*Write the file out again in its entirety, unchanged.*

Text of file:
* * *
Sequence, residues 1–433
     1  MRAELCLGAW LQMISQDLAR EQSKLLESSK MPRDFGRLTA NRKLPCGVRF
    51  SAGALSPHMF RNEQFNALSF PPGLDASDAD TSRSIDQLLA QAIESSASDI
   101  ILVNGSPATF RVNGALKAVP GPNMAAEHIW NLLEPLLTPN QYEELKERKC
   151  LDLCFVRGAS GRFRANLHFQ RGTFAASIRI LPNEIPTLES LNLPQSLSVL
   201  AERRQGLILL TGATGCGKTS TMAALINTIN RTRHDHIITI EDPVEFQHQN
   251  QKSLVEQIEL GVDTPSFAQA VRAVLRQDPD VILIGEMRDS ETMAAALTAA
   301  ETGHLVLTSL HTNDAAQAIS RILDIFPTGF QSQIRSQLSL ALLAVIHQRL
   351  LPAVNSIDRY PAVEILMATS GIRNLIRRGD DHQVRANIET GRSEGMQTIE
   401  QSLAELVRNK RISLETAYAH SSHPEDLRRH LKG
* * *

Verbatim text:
Sequence, residues 1–433
     1  MRAELCLGAW LQMISQDLAR EQSKLLESSK MPRDFGRLTA NRKLPCGVRF
    51  SAGALSPHMF RNEQFNALSF PPGLDASDAD TSRSIDQLLA QAIESSASDI
   101  ILVNGSPATF RVNGALKAVP GPNMAAEHIW NLLEPLLTPN QYEELKERKC
   151  LDLCFVRGAS GRFRANLHFQ RGTFAASIRI LPNEIPTLES LNLPQSLSVL
   201  AERRQGLILL TGATGCGKTS TMAALINTIN RTRHDHIITI EDPVEFQHQN
   251  QKSLVEQIEL GVDTPSFAQA VRAVLRQDPD VILIGEMRDS ETMAAALTAA
   301  ETGHLVLTSL HTNDAAQAIS RILDIFPTGF QSQIRSQLSL ALLAVIHQRL
   351  LPAVNSIDRY PAVEILMATS GIRNLIRRGD DHQVRANIET GRSEGMQTIE
   401  QSLAELVRNK RISLETAYAH SSHPEDLRRH LKG